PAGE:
MAVERICK CITIZEN 168
Highlands North Boys High School: New beginning falters at old school
What happens when the location of a school renders it rich – but learners can’t afford the fees?
First published in the Daily Maverick 168 weekly newspaper.
A memorial frame with a list of past rugby captains at Highlands North Boys High School is acutely telling of the transformation undergone by the school since it was established in 1939. But where have all the white learners gone?
Enclosed in the leafy suburb of Highlands North, known for its high-walled dwellings that sell for millions of rand, sits Highlands North Boys High School – a 33-classroom government school that has been in existence for more than 80 years.
Known as one of the top rugby schools in Johannesburg, Highlands North was once an all-white school attended by a mix of Jewish, English, Italian, Lebanese and Portuguese boys from working-class communities. Today, it serves learners from Alexandra, Soweto and the Vaal.
“The school is geographically located in one of the top suburbs in the country,” said Mike Masinge, the school’s 11th headmaster. “But we are not servicing learners from Highlands – 70% of the learners we are servicing are from Alexandra, Vaal, [and] Soweto, and mainly come from a disadvantaged background.”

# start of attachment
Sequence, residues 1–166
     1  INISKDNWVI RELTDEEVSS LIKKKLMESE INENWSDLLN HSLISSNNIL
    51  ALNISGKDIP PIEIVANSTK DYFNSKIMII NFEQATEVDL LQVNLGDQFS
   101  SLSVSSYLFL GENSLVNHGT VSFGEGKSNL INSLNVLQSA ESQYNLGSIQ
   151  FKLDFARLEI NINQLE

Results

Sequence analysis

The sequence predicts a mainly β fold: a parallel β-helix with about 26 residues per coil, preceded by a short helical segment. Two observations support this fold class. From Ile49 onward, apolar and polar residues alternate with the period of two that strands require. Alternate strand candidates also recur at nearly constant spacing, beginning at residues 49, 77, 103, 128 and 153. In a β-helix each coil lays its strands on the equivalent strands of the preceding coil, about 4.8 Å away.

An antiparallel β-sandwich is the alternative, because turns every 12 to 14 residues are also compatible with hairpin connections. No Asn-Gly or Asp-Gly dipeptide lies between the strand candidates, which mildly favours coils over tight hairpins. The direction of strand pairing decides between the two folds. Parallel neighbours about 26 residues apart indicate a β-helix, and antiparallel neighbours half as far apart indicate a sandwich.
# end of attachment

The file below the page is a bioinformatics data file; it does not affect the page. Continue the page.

In 82 years of its existence, the school has had two black headmasters.
The school was co-educational, meaning it offered tuition to both boys and girls, but later split when its sister school, Waverley Girls High, was founded in 1952.
In comparison to other schools in the area, the boy’s school charges a somewhat affordable R13,500 a year in school fees, as capped by the school governing body during its annual general meeting. “But we do find that some cannot afford to pay that amount of money. So we are unable to maintain some of the operational costs that sometimes include paying educators,” Masinge said.
The school has since closed its swimming pool because it cannot afford to maintain it or keep it running.
With a blend of Cape vernacular and Tuscan architecture, the school’s building stands firm after decades of use, but the inside is falling apart. The chairs and desks are old, wall paint is peeling and some parts of the school grounds, such as the 25-student hostel, have been closed and cordoned off due to lack of funds.
“You need to get school fees to pay for other services. Also, government funding is ring-fenced because, for each expenditure, textbooks or maintenance, there is a designated budget so you cannot spend textbook money to hire more teachers,” he said.
An additional obstacle for the school is that although only a fraction of learners can afford to pay school fees, as per the government’s school funding policies, the school is classified as a quintile 5 school, which means it is considered a “rich school” because of its location.
Last year, according to the headmaster, they had 756 students but only 50% could pay school fees while the remaining 50% either could not pay at all or could only afford to pay a fraction of the fee.
Masinge said although the financial burden had worsened over the years, “children have got a right to education so you cannot close doors because they are not paying school fees”.